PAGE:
Covid-19 booster vaccinations to be offered to all over-18s three months after a second dose to combat Omicron variant
All over-18s will be offered a Covid-19 booster vaccination, at least three months after their second dose, as part of efforts to combat the spread of the new Omicron variant.
The government has confirmed that those aged 12-15 will also be offered a second dose of the Pfizer/BioNTech Covid-19 vaccine, at least 12 weeks after their first dose.
The moves come amid early evidence that suggests higher antibody levels may protect better against the variant, which has many mutations.
The Joint Committee on Vaccination and Immunisation (JCVI) advised the government that all adults aged 18 to 39 should be offered a booster dose, in order of descending age groups, to increase their level of protection.
Those aged 40 and over are already eligible for a booster vaccine and can access them on a walk-in basis from today (November 29) at all large-scale vaccination sites in Cambridgeshire and Peterborough, except Chesterton Bowls Club, which will offer vaccinations by appointment only, for all groups, from Thursday, December 2. 2021.
The NHS and local health authorities are now expected to work out the logistics of the extended programme and announce plans for the accelerated roll-out in the coming days.
Boosters have been on offer six months after second jabs. But the government said evidence from the Cov-Boost study - which involved Cambridge University Hospitals NHS Foundation Trust (CUH) and was led by University Hospital Southampton NHS Foundation Trust - showed that a booster would significantly bolster immunity after three months.
England’s deputy chief medical officer, Professor Jonathan Van-Tam told a Downing Street briefing that coronavirus variants were inevitable and Omicron was the “new kid on the block for now”.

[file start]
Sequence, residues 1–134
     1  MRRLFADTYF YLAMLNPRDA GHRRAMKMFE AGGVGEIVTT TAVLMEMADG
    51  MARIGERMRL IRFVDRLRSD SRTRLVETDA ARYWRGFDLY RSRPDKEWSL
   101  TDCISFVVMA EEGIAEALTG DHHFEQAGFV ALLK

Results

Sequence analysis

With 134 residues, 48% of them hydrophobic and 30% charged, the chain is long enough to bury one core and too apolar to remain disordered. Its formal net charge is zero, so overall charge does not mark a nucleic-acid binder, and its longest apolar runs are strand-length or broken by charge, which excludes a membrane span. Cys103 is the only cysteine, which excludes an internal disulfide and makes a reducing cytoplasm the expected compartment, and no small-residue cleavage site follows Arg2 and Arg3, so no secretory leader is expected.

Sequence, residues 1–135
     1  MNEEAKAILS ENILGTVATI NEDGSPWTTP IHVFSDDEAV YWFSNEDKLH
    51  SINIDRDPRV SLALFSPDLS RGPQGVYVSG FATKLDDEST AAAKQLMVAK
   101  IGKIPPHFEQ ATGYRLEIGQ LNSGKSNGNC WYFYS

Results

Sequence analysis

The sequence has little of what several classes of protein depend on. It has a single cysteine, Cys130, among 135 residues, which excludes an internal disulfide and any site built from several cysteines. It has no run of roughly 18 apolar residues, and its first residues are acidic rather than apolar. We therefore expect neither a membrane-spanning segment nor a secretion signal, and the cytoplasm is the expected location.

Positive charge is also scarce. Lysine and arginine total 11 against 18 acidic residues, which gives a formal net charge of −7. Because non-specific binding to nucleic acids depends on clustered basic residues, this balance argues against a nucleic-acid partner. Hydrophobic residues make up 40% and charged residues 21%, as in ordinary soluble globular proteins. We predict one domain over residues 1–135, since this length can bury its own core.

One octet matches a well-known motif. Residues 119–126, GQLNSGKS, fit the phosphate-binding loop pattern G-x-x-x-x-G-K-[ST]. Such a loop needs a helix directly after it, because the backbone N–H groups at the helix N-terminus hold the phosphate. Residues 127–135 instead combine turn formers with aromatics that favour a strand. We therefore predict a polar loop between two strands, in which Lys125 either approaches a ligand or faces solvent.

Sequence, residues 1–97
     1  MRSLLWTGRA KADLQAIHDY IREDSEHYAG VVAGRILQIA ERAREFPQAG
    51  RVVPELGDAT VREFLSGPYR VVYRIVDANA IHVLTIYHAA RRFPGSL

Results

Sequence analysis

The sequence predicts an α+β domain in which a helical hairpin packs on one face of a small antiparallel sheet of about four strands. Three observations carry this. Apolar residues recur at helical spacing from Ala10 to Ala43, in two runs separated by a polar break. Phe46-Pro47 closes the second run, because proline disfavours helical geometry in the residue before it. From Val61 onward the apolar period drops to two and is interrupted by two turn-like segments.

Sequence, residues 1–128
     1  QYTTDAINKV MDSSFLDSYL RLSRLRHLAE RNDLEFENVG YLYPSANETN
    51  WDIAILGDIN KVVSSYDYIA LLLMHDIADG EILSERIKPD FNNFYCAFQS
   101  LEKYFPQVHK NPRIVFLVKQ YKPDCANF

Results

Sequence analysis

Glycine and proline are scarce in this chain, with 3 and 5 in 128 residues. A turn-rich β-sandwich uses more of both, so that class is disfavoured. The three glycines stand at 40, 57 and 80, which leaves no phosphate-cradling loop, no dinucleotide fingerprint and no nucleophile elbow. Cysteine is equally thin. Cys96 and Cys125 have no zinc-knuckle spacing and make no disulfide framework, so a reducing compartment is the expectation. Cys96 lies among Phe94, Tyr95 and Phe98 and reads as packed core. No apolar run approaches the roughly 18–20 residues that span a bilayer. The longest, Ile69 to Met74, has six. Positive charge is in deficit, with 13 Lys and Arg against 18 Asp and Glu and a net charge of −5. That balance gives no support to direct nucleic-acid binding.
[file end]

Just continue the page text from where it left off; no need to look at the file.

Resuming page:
He added: “I think it’s true to say that scientists around the world, not just in the UK, unfortunately agree that this one is of increased concern.”
He said there “are far more things we don’t know yet, than things we do know” about the variant, but that more would become clear, he predicted, in the next three weeks.
He said the “number of mutations present, already on first principle, makes us worry about a possible effect on vaccine effectiveness”.
Urging people not to panic, Prof Van-Tam said there were still uncertainties about how transmissible the variant is and its impact on severity of disease.
“On the effects of the new variants, and how well vaccine effectiveness will hold up, here I want to be clear that this is not all doom and gloom at this stage,” he said.
“I do not want people to panic at this stage. If vaccine effectiveness is reduced, as seems pretty likely to some extent, the biggest effects are likely to be in preventing infections and, hopefully, there will be smaller effects on preventing severe disease.
“That is something that is there for scientists to work out in the next few weeks.”
Professor Wei Shen Lim, chair of the JCVI said: “Having a booster dose of the vaccine will help to increase our level of protection against the Omicron variant.